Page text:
Comprised of over 18 quintillion (yes, that’s a number) planets, No Man’s Sky is a seemingly infinite game, the first of its kind. Procedurally generated, the game forms around players as they traverse an uncharted universe; in theory, nothing exists but that which you see in any given moment, and every user plays out a unique narrative. Despite being created by a tiny independent company, Hello Games, it’s one of the most hyped titles ever – and since its release this week has been largely living up to expectations. Sarah spoke to Paul Wolinski from 65daysofstatic, the Sheffield band behind its soundtrack – also the band’s new album – to find out how you go about creating audio for a limitless game.
How did you guys come to write the music for No Man’s Sky, and what was your direction? Write an infinite, limitless soundtrack?
We were on tour somewhere, and we got an email asking if one of our old songs could be used for a videogame trailer. We get emails like this relatively regularly, music being used for something or other, and we always check out the project, just to make sure it’s not being used for anything terrible. So we got some more info about the game, and from the very beginning it was clear to us that this was going to be something brilliant. They sent through some concept art, that explained what they were trying to go for. And we said, Yes. Use this old song for your trailer by all means, do you have anyone to do the soundtrack yet? Because if not we should probably talk about it. They didn’t, and so we did. It turned out that Sean Murray, the chief architect of the game, had been a 65daysofstatic fan for forever, and they’d been using some of our music in the early stages of development. It was just really serendipitous. We’d been looking for a soundtrack project for a while, and I still can’t believe how perfect this particular thing is for what we enjoy doing. We jumped onboard fairly quickly.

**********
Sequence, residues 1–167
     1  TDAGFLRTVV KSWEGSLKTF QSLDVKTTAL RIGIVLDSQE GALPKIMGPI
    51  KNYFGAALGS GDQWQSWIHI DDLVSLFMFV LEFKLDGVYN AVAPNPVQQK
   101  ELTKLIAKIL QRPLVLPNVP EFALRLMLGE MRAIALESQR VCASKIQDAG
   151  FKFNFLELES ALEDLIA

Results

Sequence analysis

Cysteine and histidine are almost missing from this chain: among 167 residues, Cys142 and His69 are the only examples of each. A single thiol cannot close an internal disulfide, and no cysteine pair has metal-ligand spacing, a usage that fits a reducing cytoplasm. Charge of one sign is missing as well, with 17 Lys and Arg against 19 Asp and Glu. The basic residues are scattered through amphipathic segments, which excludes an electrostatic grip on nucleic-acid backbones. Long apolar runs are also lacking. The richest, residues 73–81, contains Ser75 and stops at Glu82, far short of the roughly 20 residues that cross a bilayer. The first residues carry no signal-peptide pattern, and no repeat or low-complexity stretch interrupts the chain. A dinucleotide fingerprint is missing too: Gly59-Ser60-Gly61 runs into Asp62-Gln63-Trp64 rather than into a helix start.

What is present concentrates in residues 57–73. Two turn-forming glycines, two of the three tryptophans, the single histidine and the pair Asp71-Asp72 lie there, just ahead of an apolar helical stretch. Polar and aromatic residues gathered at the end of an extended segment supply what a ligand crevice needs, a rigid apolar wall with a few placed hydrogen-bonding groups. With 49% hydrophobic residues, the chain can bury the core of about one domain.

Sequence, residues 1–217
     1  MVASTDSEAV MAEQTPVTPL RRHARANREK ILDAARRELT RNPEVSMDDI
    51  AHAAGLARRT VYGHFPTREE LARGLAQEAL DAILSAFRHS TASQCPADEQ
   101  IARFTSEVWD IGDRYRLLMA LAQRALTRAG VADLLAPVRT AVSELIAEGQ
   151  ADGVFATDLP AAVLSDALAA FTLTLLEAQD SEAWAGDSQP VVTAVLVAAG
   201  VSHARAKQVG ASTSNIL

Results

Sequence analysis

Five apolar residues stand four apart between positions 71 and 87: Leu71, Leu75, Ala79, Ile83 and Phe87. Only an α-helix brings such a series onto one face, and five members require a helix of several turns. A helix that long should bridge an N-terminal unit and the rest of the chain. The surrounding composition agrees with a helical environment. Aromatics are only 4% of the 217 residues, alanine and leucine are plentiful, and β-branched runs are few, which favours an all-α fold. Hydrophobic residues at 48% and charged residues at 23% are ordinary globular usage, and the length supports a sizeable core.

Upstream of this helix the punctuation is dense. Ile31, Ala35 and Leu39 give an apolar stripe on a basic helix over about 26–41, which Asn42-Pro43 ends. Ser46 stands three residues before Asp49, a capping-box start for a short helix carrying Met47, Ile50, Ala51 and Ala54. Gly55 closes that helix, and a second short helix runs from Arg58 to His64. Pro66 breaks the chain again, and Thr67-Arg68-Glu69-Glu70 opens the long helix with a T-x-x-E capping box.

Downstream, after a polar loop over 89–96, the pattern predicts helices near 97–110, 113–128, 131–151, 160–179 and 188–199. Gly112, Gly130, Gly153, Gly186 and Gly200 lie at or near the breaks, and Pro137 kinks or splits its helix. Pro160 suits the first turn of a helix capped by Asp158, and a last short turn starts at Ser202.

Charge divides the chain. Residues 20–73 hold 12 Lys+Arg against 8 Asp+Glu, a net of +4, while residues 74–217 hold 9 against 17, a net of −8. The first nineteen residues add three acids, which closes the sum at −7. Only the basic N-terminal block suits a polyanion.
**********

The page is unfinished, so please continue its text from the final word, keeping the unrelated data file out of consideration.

The first meeting that we had with them, we went and we were totally ready to write some sort of space opera soundtrack, if that’s what they wanted. If they wanted to get an orchestra in we’d work with that, we’d do whatever they wanted, to serve the game. But all they told us to do was to just go away and write a 65daysofstatic record, and that would be fine. It was really flattering, but at the same time a bit confusing at first. Because, working on a soundtrack project, often music is designed not to be heard – it’s not necessarily a driving force in an obvious way, it’s got a subservient role to the action. And that’s not how we write songs when we write records. It was a bit of a balancing act, to figure out exactly what they wanted from us; what they thought a 65daysofstatic soundtrack would be versus what we thought it would be.